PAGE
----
How People From the Coldest City in the World Live

This Is the Coldest City in the World, Where Locals Consider -47°C to Be Warm

Bundle up like you never have before.

Do you live by the Frozen lyric that goes, “The cold never bothered me anyway”? If so, then let’s put your grit and endurance to the test. The Republic of Sakha, aka Yakutia, found in the Siberian province of Russia is known to be the world’s coldest inhabited destination; with a winter temperature averaging below -35°C, this destination will immediately give you horrible frostbite from the moment you leave your hotel. But that’s merely the surface of what it’s like to stay in Yakutsk, the capital of Yakutia. 

Visiting the coldest city in the world means you’ll encounter a lifestyle entirely different and perhaps even peculiar from your point of view.

Also read: From Thermal Springs to Tobogganing: A List of Winter Activities in Austria & Where to Find Them

Yakutsk, Yakutia the coldest city in the world

Image credit: Hans-Jurgen Mager

YouTuber Kiun B, a native of Yakutsk, perfectly illustrates the realities of what the city locals have to live with amidst the low temperatures. In a video that has already gained 3.6 million views in only two weeks, Kiun describes her city as a place where people can go outside only for a few minutes if they’re ill-prepared for the winter. 

She is a firsthand witness to all the winter consequences you could possibly imagine: extremely low temperatures that freeze car batteries and even kill people, as well as chilly dense fog that obscures the light of the sun for months. In her video, a local even shares that a freezing temperature of -47°C is considered warm as the temperature can plunge to -70°C.

How Yakutsk locals live with the extreme temperatures

Image credit: Jaromir Kavan

But Kiun also notes that there’s a silver lining to all of these as Yakutsk locals have become experts in adapting to the cold environment. For instance, the locals know that aside from wearing down coats, fur hats are more effective than knitted hats when protecting their heads from the cold; the same goes for fur boots, which are the best candidates for protecting one’s feet from frostbite. It goes without saying that Yakutsk houses are built to withstand the icy environment locals experience almost the entire year too.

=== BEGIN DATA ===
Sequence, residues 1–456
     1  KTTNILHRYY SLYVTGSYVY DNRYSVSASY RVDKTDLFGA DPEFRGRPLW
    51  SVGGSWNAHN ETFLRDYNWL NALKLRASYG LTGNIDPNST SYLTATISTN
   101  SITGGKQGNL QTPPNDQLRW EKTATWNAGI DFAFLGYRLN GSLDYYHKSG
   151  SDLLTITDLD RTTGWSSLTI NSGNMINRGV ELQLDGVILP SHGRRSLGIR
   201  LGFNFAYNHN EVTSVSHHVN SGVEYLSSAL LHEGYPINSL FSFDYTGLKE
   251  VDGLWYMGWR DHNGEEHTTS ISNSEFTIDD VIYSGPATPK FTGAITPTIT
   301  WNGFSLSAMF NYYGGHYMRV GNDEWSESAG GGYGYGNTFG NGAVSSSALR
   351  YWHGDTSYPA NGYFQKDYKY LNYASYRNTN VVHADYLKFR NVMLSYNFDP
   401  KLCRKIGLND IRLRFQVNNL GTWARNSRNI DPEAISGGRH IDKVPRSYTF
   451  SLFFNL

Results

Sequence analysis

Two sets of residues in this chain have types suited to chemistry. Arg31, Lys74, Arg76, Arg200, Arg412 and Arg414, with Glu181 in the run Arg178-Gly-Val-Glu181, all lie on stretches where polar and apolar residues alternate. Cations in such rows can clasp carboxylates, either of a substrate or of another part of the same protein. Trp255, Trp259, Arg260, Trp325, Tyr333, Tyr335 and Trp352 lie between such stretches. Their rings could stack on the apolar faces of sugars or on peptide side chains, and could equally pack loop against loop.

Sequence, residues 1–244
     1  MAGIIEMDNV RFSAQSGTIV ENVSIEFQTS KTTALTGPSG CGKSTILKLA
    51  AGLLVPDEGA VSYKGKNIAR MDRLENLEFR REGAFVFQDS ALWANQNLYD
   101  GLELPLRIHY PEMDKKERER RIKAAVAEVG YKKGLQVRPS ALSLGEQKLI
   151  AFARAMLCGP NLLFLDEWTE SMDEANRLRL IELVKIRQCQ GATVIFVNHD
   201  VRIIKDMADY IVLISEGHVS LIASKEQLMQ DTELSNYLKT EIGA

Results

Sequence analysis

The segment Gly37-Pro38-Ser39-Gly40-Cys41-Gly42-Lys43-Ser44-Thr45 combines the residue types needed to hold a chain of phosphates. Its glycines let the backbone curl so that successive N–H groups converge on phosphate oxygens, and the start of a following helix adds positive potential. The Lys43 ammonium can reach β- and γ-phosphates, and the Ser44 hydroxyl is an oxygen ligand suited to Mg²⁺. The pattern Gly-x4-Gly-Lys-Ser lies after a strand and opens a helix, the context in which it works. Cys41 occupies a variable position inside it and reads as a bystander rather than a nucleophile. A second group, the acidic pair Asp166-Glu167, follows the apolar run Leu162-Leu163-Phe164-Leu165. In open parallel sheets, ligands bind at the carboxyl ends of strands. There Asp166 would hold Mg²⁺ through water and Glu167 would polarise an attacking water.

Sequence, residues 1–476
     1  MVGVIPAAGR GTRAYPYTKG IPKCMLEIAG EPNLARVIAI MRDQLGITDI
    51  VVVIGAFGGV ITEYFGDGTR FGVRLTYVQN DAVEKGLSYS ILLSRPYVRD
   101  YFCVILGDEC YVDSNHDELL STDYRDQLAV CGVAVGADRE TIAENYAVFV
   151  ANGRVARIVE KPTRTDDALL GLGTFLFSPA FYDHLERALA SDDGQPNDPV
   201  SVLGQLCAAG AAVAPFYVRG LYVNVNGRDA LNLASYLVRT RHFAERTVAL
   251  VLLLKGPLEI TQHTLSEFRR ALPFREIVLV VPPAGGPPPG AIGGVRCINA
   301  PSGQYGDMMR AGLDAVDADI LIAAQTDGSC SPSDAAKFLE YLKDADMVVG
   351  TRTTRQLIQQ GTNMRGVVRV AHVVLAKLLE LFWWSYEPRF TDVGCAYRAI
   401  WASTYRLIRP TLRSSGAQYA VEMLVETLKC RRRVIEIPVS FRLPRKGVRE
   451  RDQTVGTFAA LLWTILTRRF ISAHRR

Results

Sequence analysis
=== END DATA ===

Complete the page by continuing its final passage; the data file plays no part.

And who says that the people of Yakutia can’t use the weather to their advantage? Yakutsk City’s open-air markets are the coldest ones in the world; but because of that, the fish and meat that vendors sell remain naturally frozen on display. Yup, they don’t need to bring any type of technology to keep the cold goods preserved. 

Also read: Freezing Temperatures Turn Niagara Falls Into a Winter Wonderland

In fact, as the coldest city in the world, Yakutsk saves a lot of its locals money from the electricity needed to operate a refrigerator. According to Kiun, “Some people don’t even have a fridge, they just keep their food outside.” She goes on to say how locals end up using the extremely cold temperatures for experiments, the most interesting of which is allowing their fruits to freeze and using frozen fruits as their hammers. Who would have thought that was even possible?

There are a lot of interesting things to discover about the coldest city in the world, and Kiun explains them best. Watch Kiun’s complete video below!

So winter lovers, what say you? Would you place Yakutsk, the coldest city in the world, on your bucket list? We wouldn’t hold it against you if you pass on this. But if you’re brave enough to visit, share your story with us and contact us through our Facebook page!

Featured image credit: Hans-Jurgen Mager | Unsplash

About Author

Therese Sta. Maria
Therese Sta. Maria

Therese's close friends know that if they haven’t seen her around recently, then she’s probably having an adventure with her luggage and camera in hand. Though she loves staying at home and spending lazy afternoons with friends, there are times when she has to be "away from home to feel at home," — that’s when she’s bitten by the travel bug. See her travels on Instagram @reesstamaria.